I want to ride my…

Attention music lovers! The DCODE Festival has a great lineup this year. Read all about it in El País.

Have you heard about this great new band Bombay Bycicle Club???


The misspelling crops up again in a link to the band’s website (which, naturally, contains no such atrocity)…


…and yet again, juxtaposed with an embedded DCODE promo video (which, naturally, spells all the bands’ names right).


So, basically, everybody is doing their job here except El País.

Thanks to interstellar villainess AM for the tip.


2 thoughts on “I want to ride my…

  1. Possible explanation: I think some people here learn a rule that the “y” is pronounced as in “my” and the “i” is pronounced as in “bin”, but in the word “bicycle” it’s the other way round.

    “Cycle” and “Bicycle” are good examples of why creating a phonetic orthography for English wouldn’t be a good idea. When the stress moves from one syllable to another the sounds change. Would we rather have a language with “cycle” and “bicycle” or a language with “sykəl” and “bysikəl”? It makes more sense for “cycle” to be written the same in both words. We’d also have more difficulty knowing whether to write “y” or “i” when trying to write in French, like Spanish and Catalan speakers do when trying to write in English.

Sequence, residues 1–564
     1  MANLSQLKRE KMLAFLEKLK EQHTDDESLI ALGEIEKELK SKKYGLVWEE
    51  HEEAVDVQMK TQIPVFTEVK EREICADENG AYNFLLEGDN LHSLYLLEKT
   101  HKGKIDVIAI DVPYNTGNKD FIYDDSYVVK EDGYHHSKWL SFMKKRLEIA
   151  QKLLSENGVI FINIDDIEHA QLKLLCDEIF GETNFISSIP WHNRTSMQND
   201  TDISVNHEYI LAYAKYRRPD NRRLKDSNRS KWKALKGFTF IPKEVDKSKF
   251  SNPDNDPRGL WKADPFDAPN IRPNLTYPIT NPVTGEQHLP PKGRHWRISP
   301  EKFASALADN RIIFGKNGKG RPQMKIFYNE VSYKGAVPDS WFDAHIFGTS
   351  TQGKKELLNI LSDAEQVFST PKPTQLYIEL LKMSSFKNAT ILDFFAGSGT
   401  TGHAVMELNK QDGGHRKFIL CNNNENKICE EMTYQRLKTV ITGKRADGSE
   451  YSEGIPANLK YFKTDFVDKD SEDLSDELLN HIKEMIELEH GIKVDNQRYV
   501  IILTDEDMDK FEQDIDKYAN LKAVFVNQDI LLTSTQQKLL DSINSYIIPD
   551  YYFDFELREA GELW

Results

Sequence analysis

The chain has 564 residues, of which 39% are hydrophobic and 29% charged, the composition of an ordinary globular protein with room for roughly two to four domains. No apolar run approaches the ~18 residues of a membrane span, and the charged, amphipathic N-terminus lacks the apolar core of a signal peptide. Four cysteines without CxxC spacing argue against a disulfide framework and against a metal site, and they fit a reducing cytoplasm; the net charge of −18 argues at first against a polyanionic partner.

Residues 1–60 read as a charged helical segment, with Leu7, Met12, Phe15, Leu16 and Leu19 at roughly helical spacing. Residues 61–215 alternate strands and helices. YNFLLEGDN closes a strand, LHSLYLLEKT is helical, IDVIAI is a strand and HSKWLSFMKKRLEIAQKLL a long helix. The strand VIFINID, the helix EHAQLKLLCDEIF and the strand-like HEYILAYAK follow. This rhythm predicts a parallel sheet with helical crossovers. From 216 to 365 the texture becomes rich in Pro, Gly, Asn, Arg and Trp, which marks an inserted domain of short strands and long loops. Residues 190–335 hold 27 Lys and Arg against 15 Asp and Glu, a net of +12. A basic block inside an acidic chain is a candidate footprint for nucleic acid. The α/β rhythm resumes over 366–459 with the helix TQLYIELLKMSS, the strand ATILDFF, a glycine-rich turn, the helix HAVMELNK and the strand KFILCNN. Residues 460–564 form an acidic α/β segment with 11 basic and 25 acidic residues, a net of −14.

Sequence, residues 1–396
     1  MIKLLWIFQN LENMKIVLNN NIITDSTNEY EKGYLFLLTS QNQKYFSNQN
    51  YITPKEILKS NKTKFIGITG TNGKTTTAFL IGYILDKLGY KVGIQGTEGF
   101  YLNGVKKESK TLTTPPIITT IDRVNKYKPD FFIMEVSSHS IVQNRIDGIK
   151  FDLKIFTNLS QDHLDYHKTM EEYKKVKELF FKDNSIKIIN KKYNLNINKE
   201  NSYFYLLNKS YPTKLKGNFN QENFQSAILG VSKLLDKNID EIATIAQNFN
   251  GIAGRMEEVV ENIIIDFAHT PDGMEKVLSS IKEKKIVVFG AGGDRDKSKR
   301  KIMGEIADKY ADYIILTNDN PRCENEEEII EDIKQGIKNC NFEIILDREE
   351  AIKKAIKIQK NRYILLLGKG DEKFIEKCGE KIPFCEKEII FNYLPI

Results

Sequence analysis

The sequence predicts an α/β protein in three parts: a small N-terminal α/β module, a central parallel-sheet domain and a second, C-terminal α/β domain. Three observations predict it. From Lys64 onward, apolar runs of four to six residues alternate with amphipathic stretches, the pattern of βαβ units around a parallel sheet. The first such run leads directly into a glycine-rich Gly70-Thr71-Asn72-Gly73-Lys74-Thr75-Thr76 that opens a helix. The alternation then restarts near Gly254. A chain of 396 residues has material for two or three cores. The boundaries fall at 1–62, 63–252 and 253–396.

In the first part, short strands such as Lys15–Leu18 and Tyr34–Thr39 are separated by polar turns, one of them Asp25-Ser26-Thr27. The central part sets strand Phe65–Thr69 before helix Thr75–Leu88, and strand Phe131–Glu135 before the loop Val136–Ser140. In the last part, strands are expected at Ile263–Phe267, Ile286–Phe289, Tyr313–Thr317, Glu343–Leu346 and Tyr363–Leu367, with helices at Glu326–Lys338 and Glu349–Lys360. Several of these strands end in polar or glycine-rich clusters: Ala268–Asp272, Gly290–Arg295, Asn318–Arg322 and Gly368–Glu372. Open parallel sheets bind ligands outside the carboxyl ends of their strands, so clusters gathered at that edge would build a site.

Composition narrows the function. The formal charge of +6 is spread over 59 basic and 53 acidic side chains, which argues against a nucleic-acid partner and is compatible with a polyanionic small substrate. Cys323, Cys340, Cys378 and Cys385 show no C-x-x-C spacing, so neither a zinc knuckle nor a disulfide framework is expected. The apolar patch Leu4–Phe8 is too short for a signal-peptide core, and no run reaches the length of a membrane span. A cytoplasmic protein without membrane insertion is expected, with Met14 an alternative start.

• Sounds like a solid theory. BUT, as I’ve argued before (http://goo.gl/1j3yrp), copyeditors can — and must — check words in languages they don’t know. (If this blog has a thesis statement, that’s it.) I don’t care if you can’t speak English. I don’t care if you don’t know what “bicycle” means. Modern technology provides the tools so that anyone can easily check these things in any language. If a news organization pays you to edit copy, this should be part of your job.

      By the way — this should go without saying — there’s nothing special about English. When the New York Times screws up words in French, German or whatever, it’s equally maddening (if considerably less common). And when that happens, the Internet is quick to point it out. By focusing on English bloopers in the Spanish press, El Foreing Office is just trying to fill a neglected niche.

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